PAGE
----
Go Big and Bold with Graphic Wallpaper
Find dos and don'ts for using mod designs, Asian-inspired prints and whimsical patterns to liven up your walls.
Graphic wallpaper is a go-to choice for designers seeking to add energy and excitement to a room, from Victorian-era dwellings to traditional homes to modern farmhouses.
In the stairwell of an 1899 home in Brooklyn, N.Y., designer Keita Turner selected wallpaper with an iron gate pattern that she says is reminiscent of elegant gates at the entrance of formal gardens.
The Thibaut wallpaper, in coral, enhanced the stairwell— a frequently used, but often-overlooked space for decorating—into something that “said something, and said it loudly” while referencing the home’s Victorian roots, Turner says. The pattern is part of a collection by Thibaut with Far East influences.
“The bold colorful pattern of the Ogden wallpaper made our client’s stairwell and second floor landing feel bigger and more spacious,” she says.
When using graphic wallpaper in the first floor entrance foyer or hall, Turner suggests carrying the same wallcovering up to the staircase and throughout the second- and third-floor landings for continuity and drama.
“Do consider using graphic wallpaper on the fifth wall—the ceiling,” she says. “It will be completely unexpected.”
Powder bathrooms are always ideal spaces to be adventurous with bold, colorful or playful graphic wallpapers, which turns them into stylish jewel boxes, Turner says. For example, Ashley Goforth Design in Houston used a graphic wallpaper to fill the wall behind the single vanity in a small bathroom.
The colors in the graphic print brought all the materials of the bathroom into perfect harmony, Goforth says. Several elements taken into account: Carrera countertops, gray built-in, bronze fixtures and gray tile flooring.
Lauren DeLoach Interiors covered a chic Georgia bathroom with Romo’s modern floral wallcovering, in a project with Athens Building Co. The Suvi pattern is inspired by a 1950s Scandinavian block print.
The wallpaper’s magnesium hue gently reflects the black accents in the kitchen and throughout the house, but keeps the space light and fun, DeLoach says.
Atlanta designer Steve McKenzie prefers to use monochromatic elements to balance graphic wallpaper, like in this glamorous and elegant space.
Modern Nursery with Copper and Blue Sea Wallpaper and White Crib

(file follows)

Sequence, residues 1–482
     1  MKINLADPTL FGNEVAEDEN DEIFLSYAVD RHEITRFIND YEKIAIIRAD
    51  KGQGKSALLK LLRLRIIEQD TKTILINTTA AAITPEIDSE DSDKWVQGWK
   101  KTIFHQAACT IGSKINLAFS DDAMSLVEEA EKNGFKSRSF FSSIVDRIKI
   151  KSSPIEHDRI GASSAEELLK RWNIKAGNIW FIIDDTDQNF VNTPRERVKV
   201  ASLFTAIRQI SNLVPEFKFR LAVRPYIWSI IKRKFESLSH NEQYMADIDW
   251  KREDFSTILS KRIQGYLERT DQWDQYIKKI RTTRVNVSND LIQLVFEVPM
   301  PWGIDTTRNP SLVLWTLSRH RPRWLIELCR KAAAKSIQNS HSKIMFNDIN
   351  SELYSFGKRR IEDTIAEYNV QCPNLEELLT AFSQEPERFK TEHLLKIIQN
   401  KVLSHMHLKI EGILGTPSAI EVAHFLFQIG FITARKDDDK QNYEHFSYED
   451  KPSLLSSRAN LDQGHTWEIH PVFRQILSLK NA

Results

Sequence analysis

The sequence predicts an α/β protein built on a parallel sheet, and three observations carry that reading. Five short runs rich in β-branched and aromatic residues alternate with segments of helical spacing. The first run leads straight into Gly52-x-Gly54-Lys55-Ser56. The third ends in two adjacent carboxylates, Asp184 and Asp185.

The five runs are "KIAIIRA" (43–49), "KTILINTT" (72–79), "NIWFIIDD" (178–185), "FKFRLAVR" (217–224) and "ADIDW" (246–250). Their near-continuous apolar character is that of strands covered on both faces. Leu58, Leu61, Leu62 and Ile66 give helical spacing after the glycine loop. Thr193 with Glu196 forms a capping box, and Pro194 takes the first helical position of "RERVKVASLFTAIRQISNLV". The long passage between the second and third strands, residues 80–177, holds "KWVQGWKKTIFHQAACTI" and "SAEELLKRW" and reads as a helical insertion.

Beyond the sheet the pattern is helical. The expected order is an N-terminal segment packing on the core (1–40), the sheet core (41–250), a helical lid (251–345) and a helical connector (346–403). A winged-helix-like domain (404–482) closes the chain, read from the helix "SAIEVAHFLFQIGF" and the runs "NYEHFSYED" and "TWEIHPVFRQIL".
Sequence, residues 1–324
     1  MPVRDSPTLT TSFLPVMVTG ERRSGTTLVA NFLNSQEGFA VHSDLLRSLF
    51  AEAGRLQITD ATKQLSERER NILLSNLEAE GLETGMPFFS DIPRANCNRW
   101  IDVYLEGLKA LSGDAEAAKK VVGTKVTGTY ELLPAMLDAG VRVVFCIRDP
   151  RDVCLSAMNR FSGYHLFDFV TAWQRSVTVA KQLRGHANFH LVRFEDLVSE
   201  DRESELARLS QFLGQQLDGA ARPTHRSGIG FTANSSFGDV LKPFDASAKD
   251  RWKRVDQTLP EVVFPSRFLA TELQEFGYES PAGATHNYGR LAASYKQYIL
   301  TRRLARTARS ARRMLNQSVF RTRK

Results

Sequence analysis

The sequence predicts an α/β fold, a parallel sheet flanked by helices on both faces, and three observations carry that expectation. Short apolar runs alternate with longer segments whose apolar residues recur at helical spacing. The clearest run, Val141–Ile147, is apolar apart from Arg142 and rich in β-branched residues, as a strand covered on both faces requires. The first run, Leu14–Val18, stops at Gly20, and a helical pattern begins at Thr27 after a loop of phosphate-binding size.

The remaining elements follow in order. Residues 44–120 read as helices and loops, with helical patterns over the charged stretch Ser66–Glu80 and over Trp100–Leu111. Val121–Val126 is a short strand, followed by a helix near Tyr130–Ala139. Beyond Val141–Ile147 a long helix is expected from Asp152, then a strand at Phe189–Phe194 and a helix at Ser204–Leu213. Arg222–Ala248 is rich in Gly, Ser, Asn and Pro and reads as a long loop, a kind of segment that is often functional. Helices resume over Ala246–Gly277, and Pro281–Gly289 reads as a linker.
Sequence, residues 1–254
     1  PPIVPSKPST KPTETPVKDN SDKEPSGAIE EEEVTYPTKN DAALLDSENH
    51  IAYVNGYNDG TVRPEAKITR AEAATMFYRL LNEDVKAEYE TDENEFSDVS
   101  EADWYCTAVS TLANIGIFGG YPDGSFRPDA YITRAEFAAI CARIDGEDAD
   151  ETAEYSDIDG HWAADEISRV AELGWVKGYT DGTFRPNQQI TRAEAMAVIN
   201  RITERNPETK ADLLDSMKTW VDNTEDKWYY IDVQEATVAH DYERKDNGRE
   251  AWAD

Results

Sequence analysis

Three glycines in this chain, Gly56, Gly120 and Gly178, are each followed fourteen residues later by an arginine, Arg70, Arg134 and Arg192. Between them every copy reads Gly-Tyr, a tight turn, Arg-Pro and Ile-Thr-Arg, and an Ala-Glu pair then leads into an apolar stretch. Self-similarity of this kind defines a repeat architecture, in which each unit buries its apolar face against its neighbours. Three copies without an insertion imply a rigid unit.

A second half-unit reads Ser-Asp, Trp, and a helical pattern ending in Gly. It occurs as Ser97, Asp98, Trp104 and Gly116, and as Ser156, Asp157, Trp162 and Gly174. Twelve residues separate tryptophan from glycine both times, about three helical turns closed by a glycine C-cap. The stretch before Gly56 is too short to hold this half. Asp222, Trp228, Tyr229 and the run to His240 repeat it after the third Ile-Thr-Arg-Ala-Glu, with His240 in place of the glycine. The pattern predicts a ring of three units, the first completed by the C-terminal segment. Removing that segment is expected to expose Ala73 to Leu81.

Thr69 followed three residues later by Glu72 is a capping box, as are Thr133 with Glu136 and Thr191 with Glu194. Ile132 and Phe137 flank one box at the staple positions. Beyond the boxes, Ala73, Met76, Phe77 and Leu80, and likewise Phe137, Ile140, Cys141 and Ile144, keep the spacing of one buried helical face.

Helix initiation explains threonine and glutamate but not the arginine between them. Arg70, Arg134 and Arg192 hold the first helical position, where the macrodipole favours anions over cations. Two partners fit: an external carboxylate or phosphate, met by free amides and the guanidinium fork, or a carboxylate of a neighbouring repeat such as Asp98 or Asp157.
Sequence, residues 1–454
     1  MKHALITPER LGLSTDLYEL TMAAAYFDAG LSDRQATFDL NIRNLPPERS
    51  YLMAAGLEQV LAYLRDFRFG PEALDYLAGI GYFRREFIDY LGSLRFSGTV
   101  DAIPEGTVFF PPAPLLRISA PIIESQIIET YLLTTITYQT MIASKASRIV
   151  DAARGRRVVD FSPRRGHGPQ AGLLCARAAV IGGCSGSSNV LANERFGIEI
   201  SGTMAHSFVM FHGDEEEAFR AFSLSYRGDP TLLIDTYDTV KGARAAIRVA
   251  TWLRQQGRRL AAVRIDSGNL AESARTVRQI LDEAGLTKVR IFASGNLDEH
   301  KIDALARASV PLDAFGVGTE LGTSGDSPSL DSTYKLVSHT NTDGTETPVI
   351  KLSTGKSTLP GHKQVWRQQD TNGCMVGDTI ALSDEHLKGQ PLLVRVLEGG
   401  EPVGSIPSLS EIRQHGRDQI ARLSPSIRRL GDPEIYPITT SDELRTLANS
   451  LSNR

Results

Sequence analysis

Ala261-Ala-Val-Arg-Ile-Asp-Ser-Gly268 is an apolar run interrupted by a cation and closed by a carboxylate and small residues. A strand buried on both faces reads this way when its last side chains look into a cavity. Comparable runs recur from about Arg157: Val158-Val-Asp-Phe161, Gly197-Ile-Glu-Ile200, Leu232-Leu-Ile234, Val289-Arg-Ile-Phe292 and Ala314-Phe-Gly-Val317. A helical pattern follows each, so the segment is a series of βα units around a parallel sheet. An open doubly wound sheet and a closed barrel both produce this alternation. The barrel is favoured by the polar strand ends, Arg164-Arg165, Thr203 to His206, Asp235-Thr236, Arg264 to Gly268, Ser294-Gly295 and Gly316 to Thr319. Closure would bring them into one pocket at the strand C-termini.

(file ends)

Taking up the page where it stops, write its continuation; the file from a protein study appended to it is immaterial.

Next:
The flowing copper illustration of fish and other deep sea creatures appealed to designer Keita Turner's clients in Brooklyn, N.Y., for their son’s nursery because of the pattern’s fun, whimsical and modern style. The Underwater World wallpaper is by Pattern People and from Hygge & West.
“You may want to choose a strong color with a classic design or a graphic design in a classic color,” he says.
Some graphic prints update otherwise cutesy themes, especially in kids’ rooms. A flowing copper illustration of fish and other deep sea creatures appealed to Turner’s Brooklyn clients, who chose the pattern’s fun, fanciful and modern style for their son’s nursery. The Underwater World wallpaper is by Pattern People and from Hygge & West.
“Graphic wallpaper can play a starring role in an interior,” Turner says. “It can either steal the scene in a room or set the stage in a home, when executed right.”
DO: Watch out for too many strong visuals competing for your eye.
McKenzie says you should ask yourself: Will it overpower another strong element, or will it be the star of the room?
A whimsical graphic wallpaper—the Sigourney print from Quadrille—set the foundation for a white and gray dining room by Ashley Goforth Design that blended traditional and Asian-inspired elements.
"The gray and white pattern was the perfect energy this room needed — it was bohemian but in an understated way," she says. "The rest of the house had lots of gray and white so this pattern gave this room some interest."
DON’T: Be afraid of small rooms.
Use graphic wallpapers to help make small rooms, narrow hallways or dark spaces feel bigger or more spacious.
“Graphic wallpaper is the ideal solution for visually adding space to an interior,” Turner says.
DO: Give it a 24-hour walk through.
Pin it on the wall and walk by it for a couple of days. See what your eye tells you, McKenzie says. Look at the sample in daylight and evening light.
DON’T: Always cover the whole wall.
Use graphic wallpaper to add design interest above wainscoting, for example.
“It will instantly draw the eye up, and because the wallpaper is only on half the wall, it won’t overwhelm the space,” Turner says.
Also, avoid using graphic wallpaper in oddly angled spaces. Patterns that aren’t matched properly at the seams will ruin the look.